The folks at Cato have their knickers in a twist over defense spending. Their main argument is that since we no longer face a Cold War enemy, we do not require Cold War level defense spending. According to their big, flashy infographic, "The Cold War is over. We no longer face an existential threat. It's time to reduce military spending to reflect this reality."
I find the statement to be a bit of a non sequitur. While it is true that the Cold War is over (and won thanks to increasing military spending, by the way), it does not necessarily follow that we no longer face an existential threat. We don't face that specific existential threat, but nuclear Armageddon is not the only possible existential threat. We do, however, need to ask the question about the structure of our military.
In modern warfare, we can no longer arm up the farmers and lawyers, spend a couple of weeks teaching them to shoot straight, then march off to war. A nation either has a military that is effective right now, or has to build one up over time. Likewise, if a nation faces an existential threat that needs to be nuked into oblivion, it either has that capability ready and waiting, or it faces extinction before such a capability can be created and employed. We are a nation that has such a military and such a strategic capability. These things cost money. Buckets of it. This is where the title question comes in.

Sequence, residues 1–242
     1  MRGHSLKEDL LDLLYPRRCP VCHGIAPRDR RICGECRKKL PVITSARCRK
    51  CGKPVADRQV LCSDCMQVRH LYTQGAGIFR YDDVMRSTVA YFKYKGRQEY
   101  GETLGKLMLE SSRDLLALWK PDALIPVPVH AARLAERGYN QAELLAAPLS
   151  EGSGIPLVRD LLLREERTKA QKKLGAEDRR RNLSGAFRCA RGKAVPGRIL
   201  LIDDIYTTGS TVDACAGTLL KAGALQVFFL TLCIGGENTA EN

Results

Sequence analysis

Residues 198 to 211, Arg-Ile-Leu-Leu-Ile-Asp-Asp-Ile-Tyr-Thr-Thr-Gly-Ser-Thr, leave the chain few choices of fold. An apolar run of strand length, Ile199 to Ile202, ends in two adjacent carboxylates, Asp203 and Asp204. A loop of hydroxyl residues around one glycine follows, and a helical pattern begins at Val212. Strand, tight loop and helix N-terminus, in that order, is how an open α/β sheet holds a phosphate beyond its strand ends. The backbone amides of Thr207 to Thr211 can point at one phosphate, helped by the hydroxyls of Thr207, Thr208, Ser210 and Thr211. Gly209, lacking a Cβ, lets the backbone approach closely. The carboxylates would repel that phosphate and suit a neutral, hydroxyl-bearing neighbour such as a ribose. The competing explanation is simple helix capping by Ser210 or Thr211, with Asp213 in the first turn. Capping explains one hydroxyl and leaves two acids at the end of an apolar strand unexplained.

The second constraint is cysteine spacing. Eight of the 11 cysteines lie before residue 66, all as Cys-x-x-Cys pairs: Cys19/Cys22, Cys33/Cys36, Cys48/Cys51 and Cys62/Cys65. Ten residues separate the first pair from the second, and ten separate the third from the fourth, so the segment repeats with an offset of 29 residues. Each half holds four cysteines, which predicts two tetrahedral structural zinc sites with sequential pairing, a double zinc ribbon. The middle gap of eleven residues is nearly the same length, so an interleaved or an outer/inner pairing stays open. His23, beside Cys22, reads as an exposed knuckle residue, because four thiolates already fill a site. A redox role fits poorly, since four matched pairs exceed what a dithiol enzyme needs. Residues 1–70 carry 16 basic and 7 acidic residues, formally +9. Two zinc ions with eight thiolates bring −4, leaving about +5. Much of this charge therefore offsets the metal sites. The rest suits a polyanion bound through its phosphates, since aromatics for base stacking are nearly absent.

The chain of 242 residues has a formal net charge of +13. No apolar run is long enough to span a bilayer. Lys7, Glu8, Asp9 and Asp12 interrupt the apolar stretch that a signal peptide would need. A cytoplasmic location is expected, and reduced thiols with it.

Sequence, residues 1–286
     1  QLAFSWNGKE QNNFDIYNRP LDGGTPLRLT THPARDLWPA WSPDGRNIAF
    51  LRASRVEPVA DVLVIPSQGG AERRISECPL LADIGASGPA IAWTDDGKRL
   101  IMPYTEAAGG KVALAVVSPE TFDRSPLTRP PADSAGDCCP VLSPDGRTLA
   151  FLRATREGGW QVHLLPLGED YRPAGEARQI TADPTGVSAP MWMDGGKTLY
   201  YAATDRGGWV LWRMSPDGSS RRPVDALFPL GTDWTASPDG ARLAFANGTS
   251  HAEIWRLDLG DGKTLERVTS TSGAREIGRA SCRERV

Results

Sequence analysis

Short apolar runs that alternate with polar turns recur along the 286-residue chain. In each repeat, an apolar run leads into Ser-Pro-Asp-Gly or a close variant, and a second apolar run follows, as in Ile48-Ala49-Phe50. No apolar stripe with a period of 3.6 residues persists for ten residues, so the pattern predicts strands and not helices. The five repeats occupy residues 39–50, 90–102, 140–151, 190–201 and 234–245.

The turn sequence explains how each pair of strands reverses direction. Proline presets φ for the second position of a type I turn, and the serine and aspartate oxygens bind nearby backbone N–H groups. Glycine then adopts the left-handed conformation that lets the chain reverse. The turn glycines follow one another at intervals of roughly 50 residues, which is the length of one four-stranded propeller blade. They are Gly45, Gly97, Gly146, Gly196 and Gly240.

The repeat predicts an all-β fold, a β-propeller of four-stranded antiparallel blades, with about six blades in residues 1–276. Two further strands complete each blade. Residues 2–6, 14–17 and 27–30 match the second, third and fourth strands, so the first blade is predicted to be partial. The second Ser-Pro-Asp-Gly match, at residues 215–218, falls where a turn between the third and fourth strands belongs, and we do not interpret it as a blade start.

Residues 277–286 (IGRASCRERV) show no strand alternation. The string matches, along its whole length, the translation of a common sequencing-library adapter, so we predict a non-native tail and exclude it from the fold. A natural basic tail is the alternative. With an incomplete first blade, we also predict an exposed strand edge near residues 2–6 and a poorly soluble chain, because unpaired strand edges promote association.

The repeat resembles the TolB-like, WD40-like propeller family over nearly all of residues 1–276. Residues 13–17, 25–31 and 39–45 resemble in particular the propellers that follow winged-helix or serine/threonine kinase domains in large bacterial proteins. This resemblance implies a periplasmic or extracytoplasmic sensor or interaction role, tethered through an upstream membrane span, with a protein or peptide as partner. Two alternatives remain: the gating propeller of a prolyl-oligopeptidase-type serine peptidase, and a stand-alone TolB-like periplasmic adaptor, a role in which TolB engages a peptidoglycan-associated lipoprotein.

I operate the cranes that load big scary missiles onto big scary submarines so that our Navy can patrol silently and carry the biggest of big sticks. If any existential threat rears its ugly head, we have the capability to vaporize it within minutes; not months, weeks, days, or even hours. Minutes. That capability is part of what you get for $600 billion in defense spending. Some people even on the right (libertarian types) think the cost of such a capability is just too much for the benefit it provides. While I agree that our defense budget is perhaps bigger than it has to be, I don't think it follows, as Cato does, that our spending reflects a lingering Cold War mentality. But, I'm really close to the situation. My view of it could be skewed. I may not be able to see the bigger picture due to my proximity.
So I ask you, Ricochet, should we scale back our military so that such things as a strategic capability are no longer within our reach? Should we convert all the SSBNs into SSGNs? Should my job be eliminated?